Parsing log files with Powershell

Early on when I first started using Powershell I was dealing with some firewall logs from a perimeter firewall. They were exported from a SIEM in CSV format, which I appreciated, but the format within was odd and not condusive to what I was trying to do. I was having a hard time wrapping my mind around how to deal with them in Powershell and some helpful person on Stackoverflow suggested I use regex to match each row, capture a value, and when the last row of a particular entry was matched, spit out a PSCustomObject with all the property/value pairs I wanted.
I no longer have an example of this data handy but I can replicate something similar:

Parsing-Logs2

Now you can see the issue. The way the SIEM exported the data I actually needed 3 consecutive rows to represent a single query output. What I wanted was a single row with all of that data on it in a spreadsheet. The advice I was given was to iterate through each row in the CSV, and use Regex with a capture group for each row to grab the data I wanted and store it in a variable. Then on the last row after matching with Regex, also return a PSCustomObject with all the values I had collected. Something a little like this:

$RE1 = '^(?<IpDst>(\d{1,3}\.){3}\d{1,3}),'
$RE2 = '\s*ip\.dstport\s*(?<IpDstPort>\d+)'
$RE3 = '\s*ip\.src\s*(?<IpSrc>(\d{1,3}.){3}\d{1,3}),\s*(?<Sessions>\d+)'

$Data = Get-Content $CSVpath | ForEach-Object {
    If($_ -match $RE1){$IpDst = $Matches.IpDst}
    If($_ -match $RE2){$IpDstPort = $Matches.IpDstPort}
    If($_ -match $RE3){
        [PSCustomObject]@{
            'DestIP'        = $IpDst
            'DestPort'    = $IpDstPort
            'SrcIP'        = $Matches.IpSrc
            'Session_count' = $Matches.Sessions 
        }
    }
}

The resulting output for a single entry would look like this:
Parsing-Logs1
If the first three Regex statements look a little intimidating I would highly recommend checking out Regex101.com. It’s a great way to write and test regex statements in real time against data you provide. Each Regex statement above is stored in a corresponding variable with the intent being to match against the first row of one of my intended entries, then the second, and lastly the third. Upon matching the 3rd and final row of an entry it returns a PSCustomObject with the property names of my choosing, and the values I’ve captured. Again, this was suggested to me by another user on Stackoverflow but I loved the logic of it, and it absolutely worked for what I was doing.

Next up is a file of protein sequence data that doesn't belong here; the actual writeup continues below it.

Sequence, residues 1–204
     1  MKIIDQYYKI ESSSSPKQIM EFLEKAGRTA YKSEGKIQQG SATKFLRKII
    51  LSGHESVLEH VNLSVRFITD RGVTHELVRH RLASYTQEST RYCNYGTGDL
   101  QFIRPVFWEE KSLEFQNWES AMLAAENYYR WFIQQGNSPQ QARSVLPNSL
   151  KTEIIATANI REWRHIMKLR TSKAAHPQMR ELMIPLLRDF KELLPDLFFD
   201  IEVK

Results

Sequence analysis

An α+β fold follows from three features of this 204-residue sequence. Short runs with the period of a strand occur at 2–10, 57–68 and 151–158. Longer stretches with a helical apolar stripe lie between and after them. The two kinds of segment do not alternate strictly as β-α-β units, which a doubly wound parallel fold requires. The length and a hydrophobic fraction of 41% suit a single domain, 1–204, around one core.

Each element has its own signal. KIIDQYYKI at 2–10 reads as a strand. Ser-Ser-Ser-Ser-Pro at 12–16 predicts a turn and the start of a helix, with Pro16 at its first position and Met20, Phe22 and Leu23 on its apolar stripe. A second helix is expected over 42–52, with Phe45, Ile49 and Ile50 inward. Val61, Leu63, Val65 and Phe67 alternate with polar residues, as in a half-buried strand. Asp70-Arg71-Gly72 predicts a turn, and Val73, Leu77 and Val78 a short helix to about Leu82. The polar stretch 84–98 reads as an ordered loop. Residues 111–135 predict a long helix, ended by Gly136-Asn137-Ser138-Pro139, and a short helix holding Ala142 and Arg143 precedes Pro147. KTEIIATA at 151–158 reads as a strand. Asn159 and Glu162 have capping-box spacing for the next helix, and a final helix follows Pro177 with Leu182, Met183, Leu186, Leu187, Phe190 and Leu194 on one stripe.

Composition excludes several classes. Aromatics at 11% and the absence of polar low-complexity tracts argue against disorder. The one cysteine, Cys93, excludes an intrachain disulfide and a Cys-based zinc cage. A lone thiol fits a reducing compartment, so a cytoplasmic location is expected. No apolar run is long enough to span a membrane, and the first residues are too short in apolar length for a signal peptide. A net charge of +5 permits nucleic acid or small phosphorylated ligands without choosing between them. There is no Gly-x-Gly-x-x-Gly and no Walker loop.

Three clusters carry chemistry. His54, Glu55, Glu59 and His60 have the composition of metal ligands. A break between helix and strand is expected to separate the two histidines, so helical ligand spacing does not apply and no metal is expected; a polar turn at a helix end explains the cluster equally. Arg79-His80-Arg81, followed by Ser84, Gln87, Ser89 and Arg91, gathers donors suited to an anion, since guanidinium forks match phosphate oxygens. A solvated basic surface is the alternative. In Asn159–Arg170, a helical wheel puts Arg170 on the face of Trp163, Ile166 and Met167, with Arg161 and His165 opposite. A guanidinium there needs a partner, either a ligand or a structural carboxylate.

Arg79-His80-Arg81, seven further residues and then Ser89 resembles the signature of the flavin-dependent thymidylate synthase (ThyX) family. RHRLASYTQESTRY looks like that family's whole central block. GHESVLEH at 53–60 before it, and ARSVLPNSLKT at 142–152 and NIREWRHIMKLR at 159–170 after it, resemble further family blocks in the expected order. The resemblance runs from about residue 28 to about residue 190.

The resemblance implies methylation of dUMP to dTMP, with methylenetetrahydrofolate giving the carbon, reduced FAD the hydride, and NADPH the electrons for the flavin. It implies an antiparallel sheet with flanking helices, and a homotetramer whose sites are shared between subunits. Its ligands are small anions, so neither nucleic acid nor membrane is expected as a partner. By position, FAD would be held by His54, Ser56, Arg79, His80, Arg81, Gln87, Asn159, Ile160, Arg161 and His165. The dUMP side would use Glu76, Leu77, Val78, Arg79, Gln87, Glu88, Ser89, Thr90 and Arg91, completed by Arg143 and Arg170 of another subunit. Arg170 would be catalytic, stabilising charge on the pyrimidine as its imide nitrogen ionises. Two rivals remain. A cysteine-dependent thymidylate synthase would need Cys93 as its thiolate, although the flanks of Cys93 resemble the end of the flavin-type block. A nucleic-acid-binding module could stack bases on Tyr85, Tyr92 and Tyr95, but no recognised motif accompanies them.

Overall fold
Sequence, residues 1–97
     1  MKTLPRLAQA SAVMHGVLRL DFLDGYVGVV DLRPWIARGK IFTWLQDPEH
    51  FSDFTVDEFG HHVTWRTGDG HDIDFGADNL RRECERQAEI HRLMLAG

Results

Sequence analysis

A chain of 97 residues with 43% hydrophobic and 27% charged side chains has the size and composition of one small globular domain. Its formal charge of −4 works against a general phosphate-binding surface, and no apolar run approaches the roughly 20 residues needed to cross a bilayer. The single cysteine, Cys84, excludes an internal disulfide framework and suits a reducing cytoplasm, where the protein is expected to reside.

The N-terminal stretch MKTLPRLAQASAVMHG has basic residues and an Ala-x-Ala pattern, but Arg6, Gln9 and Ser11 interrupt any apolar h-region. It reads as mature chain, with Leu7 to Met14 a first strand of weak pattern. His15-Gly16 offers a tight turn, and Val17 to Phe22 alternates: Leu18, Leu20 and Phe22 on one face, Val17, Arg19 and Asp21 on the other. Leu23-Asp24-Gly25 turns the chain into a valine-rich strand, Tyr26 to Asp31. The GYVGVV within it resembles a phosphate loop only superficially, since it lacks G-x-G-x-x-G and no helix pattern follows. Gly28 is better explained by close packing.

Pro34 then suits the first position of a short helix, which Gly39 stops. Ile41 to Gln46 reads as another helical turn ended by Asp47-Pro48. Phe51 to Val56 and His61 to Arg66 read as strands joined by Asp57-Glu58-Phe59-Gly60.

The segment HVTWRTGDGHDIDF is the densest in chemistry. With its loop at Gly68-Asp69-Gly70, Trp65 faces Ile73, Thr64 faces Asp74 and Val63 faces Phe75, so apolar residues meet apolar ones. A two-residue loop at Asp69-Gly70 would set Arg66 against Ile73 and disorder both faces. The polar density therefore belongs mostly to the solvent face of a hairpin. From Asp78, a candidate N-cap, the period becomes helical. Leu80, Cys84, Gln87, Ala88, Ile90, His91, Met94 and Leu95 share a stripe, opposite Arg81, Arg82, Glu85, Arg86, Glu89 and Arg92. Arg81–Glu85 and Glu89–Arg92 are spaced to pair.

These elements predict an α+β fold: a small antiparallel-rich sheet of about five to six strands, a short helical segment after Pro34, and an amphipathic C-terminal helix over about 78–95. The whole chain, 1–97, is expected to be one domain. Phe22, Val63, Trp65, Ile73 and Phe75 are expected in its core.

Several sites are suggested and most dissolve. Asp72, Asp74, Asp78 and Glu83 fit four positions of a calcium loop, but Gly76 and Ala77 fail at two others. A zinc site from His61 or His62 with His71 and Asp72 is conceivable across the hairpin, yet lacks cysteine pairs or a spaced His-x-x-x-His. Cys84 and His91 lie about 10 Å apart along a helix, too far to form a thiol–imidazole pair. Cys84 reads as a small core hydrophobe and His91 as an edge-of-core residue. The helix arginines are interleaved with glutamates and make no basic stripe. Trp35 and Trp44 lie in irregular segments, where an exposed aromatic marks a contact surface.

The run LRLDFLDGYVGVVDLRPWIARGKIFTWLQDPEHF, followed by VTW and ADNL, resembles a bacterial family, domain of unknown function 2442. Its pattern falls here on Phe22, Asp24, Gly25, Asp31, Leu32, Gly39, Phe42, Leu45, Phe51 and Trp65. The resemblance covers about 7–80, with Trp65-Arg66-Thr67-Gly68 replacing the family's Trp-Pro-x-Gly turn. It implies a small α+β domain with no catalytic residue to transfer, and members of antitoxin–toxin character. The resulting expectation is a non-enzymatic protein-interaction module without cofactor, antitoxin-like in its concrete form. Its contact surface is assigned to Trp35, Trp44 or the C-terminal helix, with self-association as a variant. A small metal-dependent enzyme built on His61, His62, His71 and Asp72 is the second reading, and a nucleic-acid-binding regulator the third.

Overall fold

Fast forward to the last month and a user on Reddit asked a similar question to what I did when I first encountered this. I happily provided the above answer, but decided to dig a little deeper on my own. This user had some McAfee ENS firewall logs they wanted to parse. Having dealt with these logs before I know they can get quite big, and even trying to do “Find and Mark” in Notepad++ can sometimes cause the program to stop responding because there’s so many rows in the text file. Come to think of it, I don’t know why I never thought to use Powershell to try to deal with these.

The user provided a redacted sampling of what a McAfee ENS log entry looks like:

Parsing-Logs3

Using the same logic before we can see that 7 rows represent a complete log entry. Starting with the “Time:” row and ending with the “Matched Rule:” row. We just need to build our Regex for each row, with capture groups to pull the data we want, then on the last matched row return a PSCustomObject.
Regex:

$RETime = '^Time:\s+(?<Time>.*)'
$REEvent = '^Event:\s+(?<Event>.*)'
$REIP = '^IP Address:\s+(?<IP>.*)'
$REDescription = '^Description:\s+(?<Description>.*)'
$REPath = '^Path:\s+(?<Path>.*)'
$REMessage = '^Message:\s+(?<Message>.*)-\s+Source\s+(?<SrcIP>\S+)\s+\:\s+\((?<SrcPort>\d{1,5})\)\s+Destination\s+(?<DstIP>\S+)\s+\:\s+\((?<DstPort>\d{1,5})\)'
$RERule = '^Matched Rule:\s+(?<Rule>.*)'

Then we could do something similar to before and get PSCustomObjects saved in an array

$Log = Get-Content C:\scripts\Testing\ENSlog.txt

$Results = Foreach ($Line in $Log){
    If ($Line -match $RETime){$Time = $Matches.Time}
    If ($Line -match $REEvent){$Event1 = $Matches.Event}
    If ($Line -match $REIP){$IP = $Matches.IP}
    If ($Line -match $REDescription){$Description = $Matches.Description}
    If ($Line -match $REPath){$Path = $Matches.Path}
    If ($Line -match $REMessage){
        $Message = $Matches.Message
        $SrcIP = $Matches.SrcIP
        $SrcPort = $Matches.SrcPort
        $DstIP = $Matches.DstIP
        $DstPort = $Matches.DstPort
    }
    If ($Line -match $RERule){
        [PSCustomObject]@{
            Time = $Time
            Event = $Event1
            IP = $IP
            Description = $Description
            Path = $Path
            Message = $Message
            SourceIP = $SrcIP
            SourcePort = $SrcPort
            DestinationIP = $DstIP
            DestinationPort = $DstPort
            Rule = $Matches.Rule
        }
    }
}

Output for the 3 log entries shown above would instead look like this:

Time            : 06/29/2021 08:06:56
Event           : Traffic
IP              : Redacted
Description     :
Path            :
Message         : Blocked Incoming UDP
SourceIP        : Redacted
SourcePort      : 54915
DestinationIP   : Redacted
DestinationPort : 54915
Rule            : Block all traffic

Time            : 06/29/2021 08:06:57
Event           : Traffic
IP              : Redacted
Description     :
Path            :
Message         : Blocked Incoming UDP  
SourceIP        : Redacted
SourcePort      : 5353
DestinationIP   : 224.0.0.251
DestinationPort : 5353
Rule            : Block all traffic

Time            : 06/29/2021 08:06:57
Event           : Traffic
IP              : Redacted